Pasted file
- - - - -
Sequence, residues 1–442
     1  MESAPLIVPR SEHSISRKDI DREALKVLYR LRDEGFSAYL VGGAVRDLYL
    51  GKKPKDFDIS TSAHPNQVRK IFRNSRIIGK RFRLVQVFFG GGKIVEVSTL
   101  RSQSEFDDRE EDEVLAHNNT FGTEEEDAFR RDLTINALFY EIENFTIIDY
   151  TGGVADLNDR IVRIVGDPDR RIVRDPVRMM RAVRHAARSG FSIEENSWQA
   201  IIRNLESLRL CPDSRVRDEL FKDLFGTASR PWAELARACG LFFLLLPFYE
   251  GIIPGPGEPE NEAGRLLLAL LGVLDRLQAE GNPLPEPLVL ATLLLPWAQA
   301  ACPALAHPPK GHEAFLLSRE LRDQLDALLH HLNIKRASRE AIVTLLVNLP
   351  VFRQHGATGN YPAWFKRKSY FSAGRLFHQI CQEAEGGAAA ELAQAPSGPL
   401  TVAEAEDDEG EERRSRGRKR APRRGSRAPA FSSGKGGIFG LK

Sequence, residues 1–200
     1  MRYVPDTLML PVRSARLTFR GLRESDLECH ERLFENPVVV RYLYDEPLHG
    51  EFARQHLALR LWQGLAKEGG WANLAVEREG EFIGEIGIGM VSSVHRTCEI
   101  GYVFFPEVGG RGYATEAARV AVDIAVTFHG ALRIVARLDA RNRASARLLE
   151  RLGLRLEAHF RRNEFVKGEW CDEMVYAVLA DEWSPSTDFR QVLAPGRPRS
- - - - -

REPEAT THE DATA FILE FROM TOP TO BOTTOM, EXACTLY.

Sequence, residues 1–442
     1  MESAPLIVPR SEHSISRKDI DREALKVLYR LRDEGFSAYL VGGAVRDLYL
    51  GKKPKDFDIS TSAHPNQVRK IFRNSRIIGK RFRLVQVFFG GGKIVEVSTL
   101  RSQSEFDDRE EDEVLAHNNT FGTEEEDAFR RDLTINALFY EIENFTIIDY
   151  TGGVADLNDR IVRIVGDPDR RIVRDPVRMM RAVRHAARSG FSIEENSWQA
   201  IIRNLESLRL CPDSRVRDEL FKDLFGTASR PWAELARACG LFFLLLPFYE
   251  GIIPGPGEPE NEAGRLLLAL LGVLDRLQAE GNPLPEPLVL ATLLLPWAQA
   301  ACPALAHPPK GHEAFLLSRE LRDQLDALLH HLNIKRASRE AIVTLLVNLP
   351  VFRQHGATGN YPAWFKRKSY FSAGRLFHQI CQEAEGGAAA ELAQAPSGPL
   401  TVAEAEDDEG EERRSRGRKR APRRGSRAPA FSSGKGGIFG LK

Sequence, residues 1–200
     1  MRYVPDTLML PVRSARLTFR GLRESDLECH ERLFENPVVV RYLYDEPLHG
    51  EFARQHLALR LWQGLAKEGG WANLAVEREG EFIGEIGIGM VSSVHRTCEI
   101  GYVFFPEVGG RGYATEAARV AVDIAVTFHG ALRIVARLDA RNRASARLLE
   151  RLGLRLEAHF RRNEFVKGEW CDEMVYAVLA DEWSPSTDFR QVLAPGRPRS